Once per quarter, Caktus employees have the opportunity to take a day away from client work to focus on learning or refreshing skills, testing out ideas, or working on open source contributions. The Q2 2017 ShipIt Day work included building apps, updating open source projects, trying out new tools, and more. Keep reading for the details.
Erin used ShipIt Day to watch a tutorial on Postgres performance by Craig Kerstiens and test the Caktus website with some of the things she learned. She used the free pgAdmin III tool to try out some of Craig’s suggested database queries for performance monitoring. While drilling down into our website, she explored cache and index hit rates, reviewed query performance on our blog, and tested with pg_stat_statements to find the most expensive queries in aggregate across database. Erin plans to use her findings to inform decisions impacting website performance.
GitHub Pull Requests Tool
Dan built a tool to help with GitHub pull requests. The tool watches a pull request until it’s ready to merge, then merges it for him. He built it from scratch using the requests library and GitHub API. The tool works by reloading the page occasionally to see if the request is ready to merge, and has tab title changes to make it easy to keep an eye on the status of the request.
Book Club Voting App
Charlotte M built an app to help the Caktus book club vote on their next book. Members can view and add books to the book list for the next election, then vote using an election interface. Once the books are selected, members vote by dragging and dropping the titles in their preferred order to submit votes.
As part of her project, Charlotte researched real-life voting systems and settled on the Borda Count method, preferring a consensus-based system over a majoritarian one.
Open Source Projects
Test Case Management Tool Research
Gerald researched test case management tools that would integrate with JIRA, aiming to find something that would mesh with JIRA as well as sharing a similar visual style. He looked at qTest by QAsymphony, Xray for JIRA, and Zephyr for JIRA, settling on Zephyr for testing. Although it required him to create a few workarounds, Gerald got Zephyr up and running, demonstrating a few user stories and test cases.
For the next ShipIt Day, Gerald plans to look at QA metrics and reporting.
Python for Data Visualization
As part of her grad school projects, NC’s coursework requires at least one semester of Python and data visualization. She spent this ShipIt Day working on creating a media library, working on the exit function and queries for media types which would allow the user to get a list of all of the records that fit a given query.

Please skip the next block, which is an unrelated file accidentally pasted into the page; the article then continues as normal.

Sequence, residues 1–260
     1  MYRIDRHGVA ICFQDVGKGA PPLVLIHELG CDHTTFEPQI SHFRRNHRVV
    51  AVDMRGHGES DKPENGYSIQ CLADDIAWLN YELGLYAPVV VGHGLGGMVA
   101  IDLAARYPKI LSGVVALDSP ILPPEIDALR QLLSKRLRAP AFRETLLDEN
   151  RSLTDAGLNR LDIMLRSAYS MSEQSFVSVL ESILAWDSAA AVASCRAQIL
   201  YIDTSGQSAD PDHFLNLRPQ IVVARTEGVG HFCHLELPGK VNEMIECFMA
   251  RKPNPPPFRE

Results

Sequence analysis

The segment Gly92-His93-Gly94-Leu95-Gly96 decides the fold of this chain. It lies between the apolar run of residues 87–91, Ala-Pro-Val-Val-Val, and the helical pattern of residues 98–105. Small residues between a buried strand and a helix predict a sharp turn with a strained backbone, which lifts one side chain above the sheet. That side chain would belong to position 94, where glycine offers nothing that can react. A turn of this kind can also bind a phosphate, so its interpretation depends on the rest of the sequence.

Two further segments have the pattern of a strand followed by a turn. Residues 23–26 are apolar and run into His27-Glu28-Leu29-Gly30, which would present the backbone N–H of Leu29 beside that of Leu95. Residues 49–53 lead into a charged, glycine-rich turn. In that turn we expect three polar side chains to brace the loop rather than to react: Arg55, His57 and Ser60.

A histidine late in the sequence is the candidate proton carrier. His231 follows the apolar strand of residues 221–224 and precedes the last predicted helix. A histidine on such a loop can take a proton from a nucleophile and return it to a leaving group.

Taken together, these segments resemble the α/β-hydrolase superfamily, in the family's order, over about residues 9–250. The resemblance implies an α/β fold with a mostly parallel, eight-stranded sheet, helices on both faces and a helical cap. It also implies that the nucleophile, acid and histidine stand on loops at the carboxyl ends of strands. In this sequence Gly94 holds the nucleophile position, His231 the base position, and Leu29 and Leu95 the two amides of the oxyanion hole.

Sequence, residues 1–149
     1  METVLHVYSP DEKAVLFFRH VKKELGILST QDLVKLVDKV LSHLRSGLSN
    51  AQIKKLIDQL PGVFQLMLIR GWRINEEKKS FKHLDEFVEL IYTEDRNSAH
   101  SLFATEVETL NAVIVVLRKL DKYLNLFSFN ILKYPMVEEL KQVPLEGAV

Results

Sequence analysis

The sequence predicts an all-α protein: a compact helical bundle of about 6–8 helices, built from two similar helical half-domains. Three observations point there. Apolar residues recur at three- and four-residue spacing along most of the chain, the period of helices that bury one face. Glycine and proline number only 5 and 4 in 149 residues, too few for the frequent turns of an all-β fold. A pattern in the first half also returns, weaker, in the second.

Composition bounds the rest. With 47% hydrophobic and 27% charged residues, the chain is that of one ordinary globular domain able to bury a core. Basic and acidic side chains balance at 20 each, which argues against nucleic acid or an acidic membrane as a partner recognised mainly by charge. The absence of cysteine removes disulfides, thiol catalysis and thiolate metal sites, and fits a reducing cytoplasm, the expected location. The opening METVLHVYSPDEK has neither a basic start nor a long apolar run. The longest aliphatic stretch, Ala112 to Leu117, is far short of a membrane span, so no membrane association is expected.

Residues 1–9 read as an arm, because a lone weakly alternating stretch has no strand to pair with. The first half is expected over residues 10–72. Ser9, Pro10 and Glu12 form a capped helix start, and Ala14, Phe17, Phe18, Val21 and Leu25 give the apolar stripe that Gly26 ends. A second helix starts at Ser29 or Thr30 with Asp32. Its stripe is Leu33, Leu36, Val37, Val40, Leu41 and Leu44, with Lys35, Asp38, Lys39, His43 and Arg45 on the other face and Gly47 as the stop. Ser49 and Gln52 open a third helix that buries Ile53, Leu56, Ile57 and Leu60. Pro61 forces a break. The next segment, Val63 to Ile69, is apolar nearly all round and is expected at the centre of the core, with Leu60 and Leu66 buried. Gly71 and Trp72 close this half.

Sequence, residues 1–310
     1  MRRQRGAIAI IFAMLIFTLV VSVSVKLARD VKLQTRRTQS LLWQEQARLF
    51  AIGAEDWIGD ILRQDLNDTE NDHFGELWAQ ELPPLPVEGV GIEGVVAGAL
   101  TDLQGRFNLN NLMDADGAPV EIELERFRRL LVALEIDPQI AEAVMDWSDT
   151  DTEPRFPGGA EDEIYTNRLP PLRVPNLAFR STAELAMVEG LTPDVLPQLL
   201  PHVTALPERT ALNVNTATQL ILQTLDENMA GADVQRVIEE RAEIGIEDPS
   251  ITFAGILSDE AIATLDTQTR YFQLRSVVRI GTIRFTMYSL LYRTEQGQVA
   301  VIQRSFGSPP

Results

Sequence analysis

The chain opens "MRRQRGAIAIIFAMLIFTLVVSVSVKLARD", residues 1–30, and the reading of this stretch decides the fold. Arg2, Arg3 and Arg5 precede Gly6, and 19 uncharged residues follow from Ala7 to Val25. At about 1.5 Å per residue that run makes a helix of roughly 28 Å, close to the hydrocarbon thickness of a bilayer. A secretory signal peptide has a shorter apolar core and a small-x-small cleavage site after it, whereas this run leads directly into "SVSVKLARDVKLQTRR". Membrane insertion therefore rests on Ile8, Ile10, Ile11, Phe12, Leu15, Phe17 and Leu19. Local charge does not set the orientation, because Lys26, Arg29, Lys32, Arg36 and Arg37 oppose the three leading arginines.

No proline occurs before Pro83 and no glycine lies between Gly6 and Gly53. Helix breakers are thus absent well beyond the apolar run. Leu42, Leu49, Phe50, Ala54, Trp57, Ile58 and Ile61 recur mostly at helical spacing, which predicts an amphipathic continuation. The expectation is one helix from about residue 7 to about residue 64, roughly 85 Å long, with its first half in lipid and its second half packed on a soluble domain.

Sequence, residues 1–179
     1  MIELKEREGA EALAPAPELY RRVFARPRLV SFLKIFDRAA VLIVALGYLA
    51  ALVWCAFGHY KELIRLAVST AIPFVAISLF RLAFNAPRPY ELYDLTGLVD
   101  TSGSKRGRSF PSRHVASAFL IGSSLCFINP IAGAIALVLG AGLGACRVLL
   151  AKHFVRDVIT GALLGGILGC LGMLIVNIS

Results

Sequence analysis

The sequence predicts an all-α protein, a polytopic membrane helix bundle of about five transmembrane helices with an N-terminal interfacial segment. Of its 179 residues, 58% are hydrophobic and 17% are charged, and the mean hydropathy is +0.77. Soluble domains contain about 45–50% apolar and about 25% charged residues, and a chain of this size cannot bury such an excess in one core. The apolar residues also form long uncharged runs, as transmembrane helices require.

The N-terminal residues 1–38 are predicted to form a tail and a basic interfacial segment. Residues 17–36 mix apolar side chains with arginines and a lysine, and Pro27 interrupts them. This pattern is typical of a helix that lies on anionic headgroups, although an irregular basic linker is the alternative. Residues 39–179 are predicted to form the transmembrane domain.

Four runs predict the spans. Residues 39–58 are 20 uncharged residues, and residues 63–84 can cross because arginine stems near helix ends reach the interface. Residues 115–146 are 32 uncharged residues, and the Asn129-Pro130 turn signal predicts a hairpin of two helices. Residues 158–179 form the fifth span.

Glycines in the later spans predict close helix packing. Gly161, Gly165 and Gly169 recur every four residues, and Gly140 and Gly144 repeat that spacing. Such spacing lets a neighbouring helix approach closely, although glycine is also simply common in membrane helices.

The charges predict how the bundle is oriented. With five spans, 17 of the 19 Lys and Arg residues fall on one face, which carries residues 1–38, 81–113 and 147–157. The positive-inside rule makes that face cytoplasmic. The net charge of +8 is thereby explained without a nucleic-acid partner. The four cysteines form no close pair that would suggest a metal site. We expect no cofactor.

User Stories for Agile Development
UX designer Basia read User Stories Applied for Agile Software Development by Mike Cohn to brush up her skill in writing user stories as a way to enhance the user story mapping techniques she leverages in discovery workshops. She shared a review of what a user story is and what it conveys, noting that each must be accompanied by acceptance criteria that will validate developed functionality.
She also walked through why user stories should be used in software development, the importance of working as a team to verbally communicate them, the usefulness of user stories in helping to defer details until the team is sure they’re needed, and how they discourage teams from pretending they know up-front everything there is to be known about the project. Most importantly for the Agile developer, she explained how user stories encourage iterative work.
Neil, Dmitriy, and Jeff B worked as a team to start a bare-bones “hello world” project using Ansible and and write an Ansible playbook for its deployment using nginx, gunicorn, Django, Postgres, and memcached.
As a newcomer to devops, Neil liked using Ansible and learned that it’s not as scary as it seems. Dmitriy liked working through the different steps and generally learning about Ansible. Jeff was on board as an advisor, and sees areas where more documentation can be written.
Vinod worked together with the ‘Hello Ansible’ team on a similar project. Caktus hosts many client projects, all of which were initially created with varying deployment recipes. Many of these use Margarita, Caktus’s homegrown library of Salt recipes. Vinod decided to take one of these older projects (the Libya SMS project) and investigate how it could be migrated from Margarita to Tequila, our internally-developed library for Ansible. This worked surprisingly well (thanks to help from Jeff B, the primary author of Tequila) and by Friday afternoon, we had a single app server deployed successfully to a Vagrant box.
Sarah, Charlotte F, Elizabeth and Eliza created and reviewed posts for the Caktus blog, with topics including sprint planning, conference recaps, and project management. Keep an eye out for those in the next several weeks.
Kia revisited a project built a year and a half ago using the Processing library for animation. The project uses the Triangulate and Minim libraries. The animation of a heart reacts to sound, including voice or a song, by changing color and shifting geometric lines.
For the next version Kia would like to make adjustments to functions built into the library. It’s currently audio reactive but not beat reactive, something she intends to work on.
Or, maybe she’ll animate the Caktus logo for our 10th anniversary party!
Until next time
As you can see, Cakti have been busy on a range of projects. Want to join us and work on sharp web apps? Check out the Caktus careers page for current openings.